Momma is still bedridden and we are managing her pain and contractures as best we can.  The contractures of her arms and legs look painful and she seems exhausted the day after she has been having a lot of them.  A muscle relaxer does NOT work.  We tried Baclofen and I spent 48 hours trying to keep her calm from hallucinations until we got the drugs out of her system.  LBD patients are known to have severe reactions to most meds so it’s really important to keep a close eye on any change.

This being said, I went through another round of frustration trying to explain Lewy Body to the new group of nurse practitioners and therapists.  For a disease that is the 2nd cause of dementia it still baffles me how little education the medical community has.  The following link has been my “go to” for all those new to the disease.  With the baby boomer generation growing older, I can imagine that Lewy will soon be a household word like Alzheimer’s.  (Unfortunately).


Watching her sleep

The days are getting longer.  Momma doesn’t converse much anymore and lately she has been sleeping all day.  The tv murmurs in the background and I have all the lights on and window shades open.  Hoping the light will somehow wake her up or make her lucid, if just for awhile.

I wake her for diaper changes, cleaning, food and medicine.  She will smile at me and if I’m lucky I get a word or two. Today she smiles and says “you look pretty.”  It makes my day since I have been sick for two weeks and this is the first time I have had on makeup in awhile.  Still my sweet Momma, always knowing what to say to make me feel better!

Spring is showing signs of emerging and I am finally over bronchitis which set me on my rear for too long of a time. I am so grateful I feel better today.  Praises for her caregiver and my siblings that stepped in while I was sick.  I would watch on the “nannie cam” as people would patiently feed  her, wait for her to chew and give her a drink of water.  It was a wonderful thing to see.  We are most like Christ when we serve others.  It is a gift for us just as much as the other person.

Maybe Spring will revive Momma a bit and we can enjoy the flowers and the beautiful cherry tree that she can see out her window.  I feel a new day coming!


Return to “normal”

I want to thank anyone who prayed for Momma’s new caregiver.  As of this post we now have a very sweet young woman with us that seems to be just what I was looking for.  One morning Momma was smiling at her and I asked her why.  “I just love her!” said Momma.  Ahh, music to my ears.

After training for a few days I left them alone and the caregiver said Momma didn’t cry at all when she changed her.  Wow!  More music to my ears. She didn’t run screaming into the streets when Momma had an especially yucky diaper.  I think it was then that I knew all would be well!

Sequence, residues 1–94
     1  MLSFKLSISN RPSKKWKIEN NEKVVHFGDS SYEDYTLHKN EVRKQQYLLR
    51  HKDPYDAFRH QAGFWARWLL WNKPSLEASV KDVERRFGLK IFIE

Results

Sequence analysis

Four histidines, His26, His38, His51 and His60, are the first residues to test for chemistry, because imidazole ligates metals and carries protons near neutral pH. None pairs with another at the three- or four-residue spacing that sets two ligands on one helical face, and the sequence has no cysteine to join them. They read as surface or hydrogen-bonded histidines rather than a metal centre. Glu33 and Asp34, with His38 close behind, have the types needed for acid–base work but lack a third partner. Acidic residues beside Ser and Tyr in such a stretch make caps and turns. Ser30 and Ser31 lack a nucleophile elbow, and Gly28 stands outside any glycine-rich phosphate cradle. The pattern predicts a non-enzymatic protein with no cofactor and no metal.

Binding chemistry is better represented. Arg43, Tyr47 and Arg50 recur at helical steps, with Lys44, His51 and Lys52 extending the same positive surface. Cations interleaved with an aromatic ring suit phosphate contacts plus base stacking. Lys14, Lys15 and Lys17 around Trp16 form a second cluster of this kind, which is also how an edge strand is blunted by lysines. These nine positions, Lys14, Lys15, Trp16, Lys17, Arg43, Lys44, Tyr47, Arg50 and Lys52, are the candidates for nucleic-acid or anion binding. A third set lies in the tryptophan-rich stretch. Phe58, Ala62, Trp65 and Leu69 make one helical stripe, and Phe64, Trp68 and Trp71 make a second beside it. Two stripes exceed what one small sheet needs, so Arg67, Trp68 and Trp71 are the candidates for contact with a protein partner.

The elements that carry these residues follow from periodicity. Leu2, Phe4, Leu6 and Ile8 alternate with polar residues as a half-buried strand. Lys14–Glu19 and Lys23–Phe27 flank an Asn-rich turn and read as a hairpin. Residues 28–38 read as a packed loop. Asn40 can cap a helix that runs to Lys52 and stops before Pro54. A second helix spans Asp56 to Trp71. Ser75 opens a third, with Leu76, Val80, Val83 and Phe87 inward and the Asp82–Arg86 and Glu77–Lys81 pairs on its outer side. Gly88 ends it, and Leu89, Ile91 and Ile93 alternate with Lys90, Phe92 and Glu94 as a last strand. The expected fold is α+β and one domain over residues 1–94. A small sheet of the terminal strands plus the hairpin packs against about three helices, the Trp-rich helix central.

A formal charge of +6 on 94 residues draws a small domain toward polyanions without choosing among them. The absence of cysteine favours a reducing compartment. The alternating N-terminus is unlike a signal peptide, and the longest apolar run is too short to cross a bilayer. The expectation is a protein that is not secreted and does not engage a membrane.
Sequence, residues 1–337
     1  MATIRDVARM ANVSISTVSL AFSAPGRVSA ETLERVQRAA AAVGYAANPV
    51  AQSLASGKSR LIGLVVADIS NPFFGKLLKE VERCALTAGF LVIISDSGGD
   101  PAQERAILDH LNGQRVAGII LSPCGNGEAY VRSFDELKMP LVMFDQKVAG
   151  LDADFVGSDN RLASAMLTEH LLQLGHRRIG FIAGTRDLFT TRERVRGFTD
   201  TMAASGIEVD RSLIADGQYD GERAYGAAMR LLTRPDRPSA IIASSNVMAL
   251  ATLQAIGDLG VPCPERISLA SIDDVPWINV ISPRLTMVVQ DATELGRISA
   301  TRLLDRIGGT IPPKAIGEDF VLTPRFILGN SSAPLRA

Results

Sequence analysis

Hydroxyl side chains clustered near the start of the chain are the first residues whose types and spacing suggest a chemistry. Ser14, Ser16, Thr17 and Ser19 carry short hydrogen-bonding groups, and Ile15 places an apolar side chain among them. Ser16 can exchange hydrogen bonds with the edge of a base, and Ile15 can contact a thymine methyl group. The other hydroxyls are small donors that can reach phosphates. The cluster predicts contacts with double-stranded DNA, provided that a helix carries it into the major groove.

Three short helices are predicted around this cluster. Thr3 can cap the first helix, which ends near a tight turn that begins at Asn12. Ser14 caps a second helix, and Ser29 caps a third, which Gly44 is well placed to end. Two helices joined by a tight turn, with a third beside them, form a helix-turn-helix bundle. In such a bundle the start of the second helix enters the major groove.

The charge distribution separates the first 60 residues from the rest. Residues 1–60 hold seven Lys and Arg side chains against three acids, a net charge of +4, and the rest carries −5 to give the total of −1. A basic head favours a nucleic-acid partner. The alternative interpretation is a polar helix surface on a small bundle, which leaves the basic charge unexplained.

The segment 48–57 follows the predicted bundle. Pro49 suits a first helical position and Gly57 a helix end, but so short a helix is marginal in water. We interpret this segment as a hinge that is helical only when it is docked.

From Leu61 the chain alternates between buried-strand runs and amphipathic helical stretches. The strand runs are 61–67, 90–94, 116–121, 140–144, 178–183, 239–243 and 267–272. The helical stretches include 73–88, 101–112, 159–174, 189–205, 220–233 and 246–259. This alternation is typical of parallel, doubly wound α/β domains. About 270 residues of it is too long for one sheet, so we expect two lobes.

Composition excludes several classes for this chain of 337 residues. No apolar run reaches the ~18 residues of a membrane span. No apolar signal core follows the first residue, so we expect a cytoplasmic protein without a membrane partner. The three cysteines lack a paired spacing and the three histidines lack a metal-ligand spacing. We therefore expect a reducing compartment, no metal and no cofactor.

I finally found a Home Health Agency that took Momma’s insurance and they came and assessed her. Nothing new or interesting to report.  For someone who has broken most of her body at some point and suffers from terrible pain, dementia and tremors, Momma is basically healthy.  Good heart, lungs, kidneys, blood, etc., etc.  She’s the healthiest sick 85 year old you will ever meet.

We should get some good blog material when they start moving her around for PT!

Again, thanks for all the prayers.  They are always appreciated and needed.

2 Corinthians 1:11

“Then many will give thanks on our behalf for the gift that came to us through the prayers of many.”

Here we go again

I have to hire a new Caregiver.  Ahh… here we go again.  Our last one didn’t adapt well to change.  Besides the physical requirements of taking care of someone bedridden, I really need someone who is quiet and gentle with Momma.  I want them to be a calming influence when she moans during diaper changes.

But most importantly I want them to do what I tell them to do, exactly how I tell them to do it!  Sounds harsh, right?  I know, I know, I can’t really expect that, but wouldn’t it be great?!  I have an interview Monday with a young woman who was previously in the Army.  Now that’s what I’m talking about!  Someone who can take orders.

In the meantime we are stuck in the snow and cold here in Kentucky so I am full time caregiver for Momma.  She doesn’t notice that her old caregiver is gone.  She doesn’t notice if I am gone next door for awhile.  She doesn’t remember much other than what is happening at the exact moment you are talking to her.  Although, she does always say she is hungry!

Her Parkinson’s makes her arms and hands hurt so bad that she doesn’t feed herself much anymore.  I keep trying to let her, but the food ends up on her and the sheets, so I pretty much feed her bite size pieces.  Part of Lewy Body is the inability to remember how to swallow, so I watch as Momma chews the same piece of peanut butter toast about 100 times until I finally remind her to swallow.  It can take 30 minutes to eat breakfast.

Please pray with me that Momma’s new caregiver is the right one.  Someone who will be gentle, calm, strong, capable and kind.  That’s a tall order, but the God of the universe knit Momma together and He cares about every hair on her head, so I am leaving it in His hands.

Thank you.